I just finished reading (or rather, listening to) Philip Pullman’s The Amber Spyglass, the third book in His Dark Materials, the series that starts with The Golden Compass, which recently appeared in theaters. Critical response to that film was mixed (which was the reason I didn’t get around to seeing it), but it mainly made the news because of the story’s controversial nature. Basically, it portrays churches as corrupt, controlling, power-hungry organizations, and it advocates atheism.
The atheistic agenda doesn’t really become apparent until the third book, and it was between my reading (listening to) the second and third books that the film came out and I learned what I was in for in the final installment. But I figured my faith was up to the challenge, and I was curious how the story ended anyway.
One of the characters in The Amber Spyglass calls Christianity “a very powerful and convincing mistake”, in a way that sounds like it’s one of the primary messages that Pullman is trying to communicate to his readers. But the only piece of doctrine he actually attacks in trying to prove this claim is the idea of the vow of chastity (the character is a former nun), which is hardly a fundamental part of Christianity, since many Christian churches don’t subscribe to it. So it’s not really a worthy target for such a broad claim.
The series also seems to promote the idea that religion is evil because evil things are done in its name, mainly because the Catholic church is portrayed (at least in an alternate universe) as an inherently corrupt organiation. But that just doesn’t follow. People also do evil things in the name of love, but I’d hardly call that a corrupt institution. What’s really going on is when people do evil things, they need an excuse, a rationalization, because they don’t want to face the evil in their actions. The most appealing solution is to hide behind something good, like God or the church, so it can take the blame instead. So this fallacy that churches are evil because of the failings of their followers falls apart pretty soundly. I would say instead that if you find a good thing that hasn’t been used to justify evil deeds, you might do well to question how good it really is. Those of us that believe in Satan would say the more good there is in something, the more he wants to attack it.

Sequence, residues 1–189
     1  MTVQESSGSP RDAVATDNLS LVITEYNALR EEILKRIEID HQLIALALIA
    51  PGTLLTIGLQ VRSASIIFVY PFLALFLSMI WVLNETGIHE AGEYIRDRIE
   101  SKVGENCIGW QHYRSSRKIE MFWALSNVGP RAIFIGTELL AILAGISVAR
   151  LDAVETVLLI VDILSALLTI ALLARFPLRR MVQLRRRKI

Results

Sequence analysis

(Spoiler warning for this paragraph) The third book is also supposed to have a kind of reenactment of the Adam and Eve story, but I just found that to be a disappointment. It was supposed to be the moment Lyra fulfilled her prophesied destiny, but it turned out to be nothing more than her first kiss, and unlike Eve with the forbidden fruit, there was no disobedience involved at all. The “Satan” figure in this instance “tempted” Lyra by telling the story of her own first kiss, but kissing hadn’t been forbidden by anyone. So this part I simply found disappointing and anticlimactic rather than objectionable.
It’s interesting to me to compare the His Dark Materials series to The Life of Brian, since the release of that film was also met by protests from religious groups. There is a key difference, though (aside from being a comedy): Brian didn’t make fun of religion, but rather fanaticism - and not even religious fanaticism exclusively. The whole “People’s Front of Judea versus the Judean People’s Front” situation gives equal opportunity to political fanaticism. The Sermon on the Mount scene is one part where Jesus appears in the background, and yet no jokes are made at his expense. Instead you have a bout of name-calling erupting in the fringes of the crowd, which is a classic example of people getting hung up on their own trivialities when the most important thing in the world is right there staring them in the face - and in this case, pretty much literally.